What experience or information led you to that belief?
A friend gave me a thought-provoking article from The Wall Street Journal which made a compelling argument that, while America appears profoundly divided at this moment, we are closer together than we think, if we just talk a bit about how each of our opinions were formed.
At our core, we are all just experiences wrapped in skin. I will be a slightly different Jeff Tolman tomorrow because of the information I take in, and incidences I experience, today. We are evolutionary beasts, we humans.
I have a friend who hates yard work. I despise yard work, he hates it more. One day, chatting, he told a story of his childhood. Growing up, he could go play when the weeds were all pulled. The weeds were seldom all pulled, so he spent more of his summers on his knees weeding than he did riding bikes and building forts with his friends. My friend swore he wouldn’t do yard work as an adult. He’d fulfilled his lifetime quota of yard work by the time he could drive. Fortunately, he is able to hire folks to tend to his yard.
Each of us are filled with opinions. Most have some internal basis. Maybe we don’t like left-handed people because a lefty beat the snot out of us or our dad. Maybe every movie villain seems to be a southpaw, so you have drawn a conclusion that left-handers have less scruples than we righties. Whatever the case, few people wake up and say “Today I have going to be hacked off at farmers who grow beans.” That’s just not what people do.
The WSJ article convinced me I need to be a better detective conversationalist. When someone says “I think President Trump is the greatest truth-teller of all time!” rather than flinch or roll my eyes, I need to be more astute about finding the genesis of that belief. A new sentence I am adding to my conversational quiver is “What experience or information led you to that belief?” Maybe the Trump-as-a-truth-teller would say, ‘I called The White House and asked for a flag to put on my late Uncle’s grave for Memorial Day and it came just as promised. His people said it would come, and it did. They are all truth-tellers in my opinion.’ Or ‘I have read a lot about Kim Jong Un and, like Mr. Trump, have come to believe Kim is highly misunderstood.’ Whatever the answer, I will understand better how someone came to their belief.
A few weeks ago, one of my brothers-in-law and I watched the sun go down on our deck and talked about growing up. Me in Greybull, Wyoming, him an African-American in St. Louis. Our stories were often dissimilar.
He needed street smarts, I needed a bike to get to the Little League field and Grease Woods. As the evening went on we realized we’d come to many similar philosophical points from widely divergent roads, different experiences, different information.
After reading the article I looked at my own life and opinions. I was born in Wyoming, a natural conservative. As I have come to know more disadvantaged folks and seen how an opportunity can change a family for generations, I have become more liberal.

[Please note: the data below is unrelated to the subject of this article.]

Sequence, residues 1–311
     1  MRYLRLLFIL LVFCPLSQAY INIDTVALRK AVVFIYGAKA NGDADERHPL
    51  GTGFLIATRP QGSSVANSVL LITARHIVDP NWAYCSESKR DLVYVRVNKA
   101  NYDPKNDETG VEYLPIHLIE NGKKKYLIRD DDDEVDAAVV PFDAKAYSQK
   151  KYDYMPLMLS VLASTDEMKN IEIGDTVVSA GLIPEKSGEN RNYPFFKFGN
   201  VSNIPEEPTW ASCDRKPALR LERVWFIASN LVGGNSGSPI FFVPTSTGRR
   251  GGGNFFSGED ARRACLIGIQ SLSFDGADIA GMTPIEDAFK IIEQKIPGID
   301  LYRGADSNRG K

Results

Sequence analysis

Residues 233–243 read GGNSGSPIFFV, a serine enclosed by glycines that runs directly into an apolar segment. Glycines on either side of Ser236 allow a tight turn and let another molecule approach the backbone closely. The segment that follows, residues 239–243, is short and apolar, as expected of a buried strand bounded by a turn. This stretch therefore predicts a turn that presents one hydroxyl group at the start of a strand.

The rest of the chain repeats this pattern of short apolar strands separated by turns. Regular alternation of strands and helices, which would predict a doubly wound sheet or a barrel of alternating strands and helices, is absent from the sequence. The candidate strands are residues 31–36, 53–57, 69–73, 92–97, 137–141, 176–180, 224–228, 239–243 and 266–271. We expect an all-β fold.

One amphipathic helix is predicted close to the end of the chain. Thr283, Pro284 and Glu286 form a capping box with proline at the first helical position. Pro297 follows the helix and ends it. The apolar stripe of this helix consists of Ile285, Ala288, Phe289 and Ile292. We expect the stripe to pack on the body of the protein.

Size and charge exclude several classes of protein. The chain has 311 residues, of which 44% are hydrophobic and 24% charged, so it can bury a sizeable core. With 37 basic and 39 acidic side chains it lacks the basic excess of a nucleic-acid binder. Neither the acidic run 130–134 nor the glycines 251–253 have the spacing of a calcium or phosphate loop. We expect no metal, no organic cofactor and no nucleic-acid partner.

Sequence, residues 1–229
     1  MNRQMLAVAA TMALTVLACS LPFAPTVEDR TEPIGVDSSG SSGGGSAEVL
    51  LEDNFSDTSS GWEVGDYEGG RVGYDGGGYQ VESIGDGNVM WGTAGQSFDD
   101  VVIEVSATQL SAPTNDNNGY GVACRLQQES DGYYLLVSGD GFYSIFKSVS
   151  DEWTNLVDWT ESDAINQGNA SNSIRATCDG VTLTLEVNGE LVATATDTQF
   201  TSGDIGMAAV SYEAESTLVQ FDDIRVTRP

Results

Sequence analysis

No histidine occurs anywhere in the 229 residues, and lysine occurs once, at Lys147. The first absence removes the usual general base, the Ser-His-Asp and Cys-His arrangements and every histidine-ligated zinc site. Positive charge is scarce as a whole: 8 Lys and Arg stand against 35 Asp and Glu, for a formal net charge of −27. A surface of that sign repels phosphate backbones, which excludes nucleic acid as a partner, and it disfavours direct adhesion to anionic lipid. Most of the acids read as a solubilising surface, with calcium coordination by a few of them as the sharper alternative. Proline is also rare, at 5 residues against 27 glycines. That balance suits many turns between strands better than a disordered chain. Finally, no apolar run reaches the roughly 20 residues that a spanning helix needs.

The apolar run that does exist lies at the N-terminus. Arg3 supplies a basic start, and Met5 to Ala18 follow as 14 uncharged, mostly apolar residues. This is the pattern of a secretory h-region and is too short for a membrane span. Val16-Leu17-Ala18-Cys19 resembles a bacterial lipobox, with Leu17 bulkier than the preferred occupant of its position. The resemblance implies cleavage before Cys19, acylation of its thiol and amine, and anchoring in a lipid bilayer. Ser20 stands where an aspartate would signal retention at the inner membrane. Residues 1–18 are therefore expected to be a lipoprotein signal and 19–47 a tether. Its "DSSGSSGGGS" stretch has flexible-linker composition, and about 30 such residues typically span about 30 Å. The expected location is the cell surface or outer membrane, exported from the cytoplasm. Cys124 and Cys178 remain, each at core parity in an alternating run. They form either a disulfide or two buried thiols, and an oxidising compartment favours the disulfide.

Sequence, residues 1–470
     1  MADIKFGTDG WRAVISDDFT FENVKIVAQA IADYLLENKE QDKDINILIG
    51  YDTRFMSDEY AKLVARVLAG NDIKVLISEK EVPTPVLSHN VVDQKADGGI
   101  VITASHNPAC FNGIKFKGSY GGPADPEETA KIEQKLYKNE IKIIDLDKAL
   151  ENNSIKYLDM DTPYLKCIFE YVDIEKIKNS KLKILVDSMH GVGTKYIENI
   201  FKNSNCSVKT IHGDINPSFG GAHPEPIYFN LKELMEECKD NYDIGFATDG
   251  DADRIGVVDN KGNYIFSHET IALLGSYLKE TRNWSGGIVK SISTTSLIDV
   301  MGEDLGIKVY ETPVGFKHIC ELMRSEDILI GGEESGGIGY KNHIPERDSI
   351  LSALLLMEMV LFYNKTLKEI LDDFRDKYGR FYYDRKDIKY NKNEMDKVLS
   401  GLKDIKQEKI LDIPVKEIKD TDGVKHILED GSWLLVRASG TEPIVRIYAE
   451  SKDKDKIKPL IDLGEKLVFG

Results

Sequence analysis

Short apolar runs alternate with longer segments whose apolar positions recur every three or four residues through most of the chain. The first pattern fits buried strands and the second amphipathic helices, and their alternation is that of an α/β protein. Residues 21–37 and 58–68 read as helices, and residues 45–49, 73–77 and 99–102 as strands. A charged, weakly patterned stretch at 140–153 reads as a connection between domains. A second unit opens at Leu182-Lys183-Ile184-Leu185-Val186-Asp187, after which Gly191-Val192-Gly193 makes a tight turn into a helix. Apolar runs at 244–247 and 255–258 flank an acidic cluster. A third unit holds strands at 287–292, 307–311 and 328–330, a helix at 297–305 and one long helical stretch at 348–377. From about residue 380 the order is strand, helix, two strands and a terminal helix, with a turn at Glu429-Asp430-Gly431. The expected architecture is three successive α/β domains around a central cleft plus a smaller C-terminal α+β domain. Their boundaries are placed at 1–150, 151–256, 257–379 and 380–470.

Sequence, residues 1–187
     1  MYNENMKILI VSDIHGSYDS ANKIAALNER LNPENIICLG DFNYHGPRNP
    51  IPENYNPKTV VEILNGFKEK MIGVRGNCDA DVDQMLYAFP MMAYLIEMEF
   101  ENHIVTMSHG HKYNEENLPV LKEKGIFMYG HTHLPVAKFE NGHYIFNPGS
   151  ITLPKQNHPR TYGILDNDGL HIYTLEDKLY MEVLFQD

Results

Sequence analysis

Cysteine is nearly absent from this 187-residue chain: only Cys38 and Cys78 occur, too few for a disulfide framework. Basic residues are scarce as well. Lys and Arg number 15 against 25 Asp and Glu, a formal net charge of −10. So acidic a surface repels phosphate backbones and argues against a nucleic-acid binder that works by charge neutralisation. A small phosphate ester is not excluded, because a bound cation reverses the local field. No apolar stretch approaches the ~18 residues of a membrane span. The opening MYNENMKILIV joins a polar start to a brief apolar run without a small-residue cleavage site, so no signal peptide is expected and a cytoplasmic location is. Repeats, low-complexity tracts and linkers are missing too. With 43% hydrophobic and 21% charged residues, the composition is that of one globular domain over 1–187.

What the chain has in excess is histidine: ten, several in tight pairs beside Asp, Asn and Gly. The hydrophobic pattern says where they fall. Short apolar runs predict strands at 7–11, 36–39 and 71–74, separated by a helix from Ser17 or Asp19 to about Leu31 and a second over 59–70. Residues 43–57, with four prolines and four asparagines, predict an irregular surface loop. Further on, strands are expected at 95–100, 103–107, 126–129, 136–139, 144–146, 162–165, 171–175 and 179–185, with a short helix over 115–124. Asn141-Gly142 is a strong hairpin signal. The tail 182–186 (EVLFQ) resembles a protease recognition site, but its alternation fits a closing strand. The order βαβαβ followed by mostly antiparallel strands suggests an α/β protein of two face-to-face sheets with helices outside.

I have had the good fortune to travel a lot. My cross-pollination of cultures has led me to believe that we are one world and shouldn’t be “America First.”
For a time, we were poor. Slept on cots. Didn’t have a refrigerator. Barely holding on to a roof over our head. This changed when dad got a job. From that experience, I came to believe that any family can be a half-step from the streets, even mine, and having a job is a good thing.
From my 25 years on the Municipal Court Bench I have seen many failures, but some great successes. I have come to believe there is almost always the possibility of redemption.
Holding my grandkids, I believe we must take steps to make the world, and our nation, a solid foundation for the generations to come. We must, as a society, leave the campground better than how we found it.
Over the next few months I hope to meet with a couple of folks for coffee or a libation. To talk about family, community and some issues we appear to have a profound disagreement about. By the end of the conversation I hope to better understand what led them to their beliefs and share what led me to mine. My bet is we’ll find we are closer ideologically at the end of the get-together than we felt we were in the beginning. Each of us will be where we are based on some information we have ingested or experience that has touched our lives.
George Orwell perhaps said it best after he finally met, in person, poet Stephen Spender, who he’d convinced himself he hated:
“When you meet someone in the flesh you realize immediately that he is a human being and not a sort of caricature embodying certain ideas.”
What experience or information led you to that belief? A question that needs to be asked more often. A question that will often show us we are closer in opinion and philosophy than initially appeared.
— Jeff Tolman is a lawyer, Municipal Court judge, and periodic columnist for Kitsap News Group.